Another way you can do it is to leave your hard disks the way they are and install Ubuntu on your second hard disk and install GRUB to your second hard disk's MBR.
If you do that Ubuntu won't boot.
Not unless you press your F8 key or F12 during boot-up or whatever key it is that brings up a boot menu from your computer's BIOS, (if your computer's BIOS has that feature, most do), and select your second hard disk.
Then Ubuntu will boot.
To direct GRUB to install in a non-first MBR or in a partition (boot sector) or wherever you want, you need the Ubuntu 'Alternate' Installation CD. See the following link for details, Ubuntu Hardy Heron Two Disc Multi Boot
The Ubuntu 'Desktop' Live/Install CD may be able to do it too. You can try by hitting the 'Advanced' tab in step 7 of 7 of the install, and type in (hd1), on the line for where to install GRUB to.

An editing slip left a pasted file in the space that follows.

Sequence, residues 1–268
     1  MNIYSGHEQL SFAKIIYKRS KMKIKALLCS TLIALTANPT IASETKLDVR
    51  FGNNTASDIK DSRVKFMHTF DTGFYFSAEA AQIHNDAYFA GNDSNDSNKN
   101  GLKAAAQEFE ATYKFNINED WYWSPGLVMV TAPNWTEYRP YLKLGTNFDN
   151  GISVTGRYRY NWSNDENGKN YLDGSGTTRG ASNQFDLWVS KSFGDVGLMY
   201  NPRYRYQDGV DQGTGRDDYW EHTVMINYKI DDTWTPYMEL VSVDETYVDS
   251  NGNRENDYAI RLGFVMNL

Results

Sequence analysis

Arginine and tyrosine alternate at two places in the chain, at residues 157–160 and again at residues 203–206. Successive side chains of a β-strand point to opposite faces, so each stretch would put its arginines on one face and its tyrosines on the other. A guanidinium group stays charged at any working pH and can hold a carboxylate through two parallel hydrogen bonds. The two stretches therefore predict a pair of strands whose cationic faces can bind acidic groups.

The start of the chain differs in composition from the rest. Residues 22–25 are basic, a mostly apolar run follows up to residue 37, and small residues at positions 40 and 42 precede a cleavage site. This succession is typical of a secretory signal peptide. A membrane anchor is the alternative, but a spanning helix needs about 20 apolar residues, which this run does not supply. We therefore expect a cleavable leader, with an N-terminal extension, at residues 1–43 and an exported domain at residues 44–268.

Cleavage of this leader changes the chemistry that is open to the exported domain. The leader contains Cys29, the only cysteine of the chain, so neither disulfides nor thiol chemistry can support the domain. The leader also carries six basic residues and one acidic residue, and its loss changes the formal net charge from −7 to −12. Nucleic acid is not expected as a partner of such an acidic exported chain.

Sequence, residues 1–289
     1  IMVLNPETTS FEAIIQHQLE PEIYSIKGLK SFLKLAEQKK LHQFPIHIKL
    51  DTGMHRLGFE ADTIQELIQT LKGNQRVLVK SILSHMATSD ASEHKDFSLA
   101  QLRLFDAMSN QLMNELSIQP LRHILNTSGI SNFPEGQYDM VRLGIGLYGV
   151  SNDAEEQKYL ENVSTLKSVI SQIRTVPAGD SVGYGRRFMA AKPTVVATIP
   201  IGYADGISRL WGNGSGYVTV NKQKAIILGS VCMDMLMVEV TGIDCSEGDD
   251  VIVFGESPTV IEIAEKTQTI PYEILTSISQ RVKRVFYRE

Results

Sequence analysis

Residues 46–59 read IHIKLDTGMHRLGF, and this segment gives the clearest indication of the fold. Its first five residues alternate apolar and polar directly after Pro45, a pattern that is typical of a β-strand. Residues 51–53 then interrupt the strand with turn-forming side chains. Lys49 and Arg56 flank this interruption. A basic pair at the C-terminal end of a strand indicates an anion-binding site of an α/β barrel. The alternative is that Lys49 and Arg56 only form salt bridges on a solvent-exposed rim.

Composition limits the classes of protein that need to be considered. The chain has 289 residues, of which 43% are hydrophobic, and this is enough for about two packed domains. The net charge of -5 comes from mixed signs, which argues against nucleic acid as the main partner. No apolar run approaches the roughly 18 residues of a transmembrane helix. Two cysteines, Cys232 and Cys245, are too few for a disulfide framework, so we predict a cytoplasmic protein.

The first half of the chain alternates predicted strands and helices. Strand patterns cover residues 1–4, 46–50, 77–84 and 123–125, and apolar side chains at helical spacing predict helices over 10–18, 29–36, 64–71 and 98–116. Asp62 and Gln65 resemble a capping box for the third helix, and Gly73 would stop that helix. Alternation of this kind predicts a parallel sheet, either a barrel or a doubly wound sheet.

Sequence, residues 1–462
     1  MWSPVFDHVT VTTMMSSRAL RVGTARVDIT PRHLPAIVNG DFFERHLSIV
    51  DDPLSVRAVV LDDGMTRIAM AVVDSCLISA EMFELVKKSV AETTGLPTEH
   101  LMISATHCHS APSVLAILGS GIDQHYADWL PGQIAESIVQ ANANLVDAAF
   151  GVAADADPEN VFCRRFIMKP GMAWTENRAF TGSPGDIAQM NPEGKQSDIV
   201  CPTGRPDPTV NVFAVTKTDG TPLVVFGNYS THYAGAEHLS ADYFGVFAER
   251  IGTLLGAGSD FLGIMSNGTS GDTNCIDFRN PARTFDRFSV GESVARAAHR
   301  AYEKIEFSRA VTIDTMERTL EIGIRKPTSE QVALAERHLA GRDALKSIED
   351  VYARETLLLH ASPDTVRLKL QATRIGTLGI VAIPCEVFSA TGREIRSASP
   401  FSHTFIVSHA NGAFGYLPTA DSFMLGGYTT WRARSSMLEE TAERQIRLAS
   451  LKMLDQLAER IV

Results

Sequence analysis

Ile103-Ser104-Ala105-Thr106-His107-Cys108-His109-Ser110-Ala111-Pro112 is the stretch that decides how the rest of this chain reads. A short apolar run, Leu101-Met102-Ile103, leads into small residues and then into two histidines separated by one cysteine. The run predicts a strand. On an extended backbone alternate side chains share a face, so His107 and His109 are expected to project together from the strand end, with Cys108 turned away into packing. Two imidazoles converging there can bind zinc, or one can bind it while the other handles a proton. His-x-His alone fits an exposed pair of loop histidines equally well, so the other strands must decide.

See the following link for details,Hardy Heron Beta / Gutsy Gibbon Dual Boot Installation A
Actually, it would be okay to install GRUB to both or all hard disk's MBRs.
GRUB is clean and safe, whereas Windows is subject to viruses which infect the MBR and boot sector. Windows will boot okay from any boot manager in the MBR, but it's boot sector is vital.
GRUB has far more features and capabilities than any other boot manager or loader.
You could make a dedicated GRUB partition on all of your hard disks and install GRUB to MBR in all of them and you'll never have any problems booting under any circumstances, if you know how to use GRUB. How to make a dedicated GRUB partition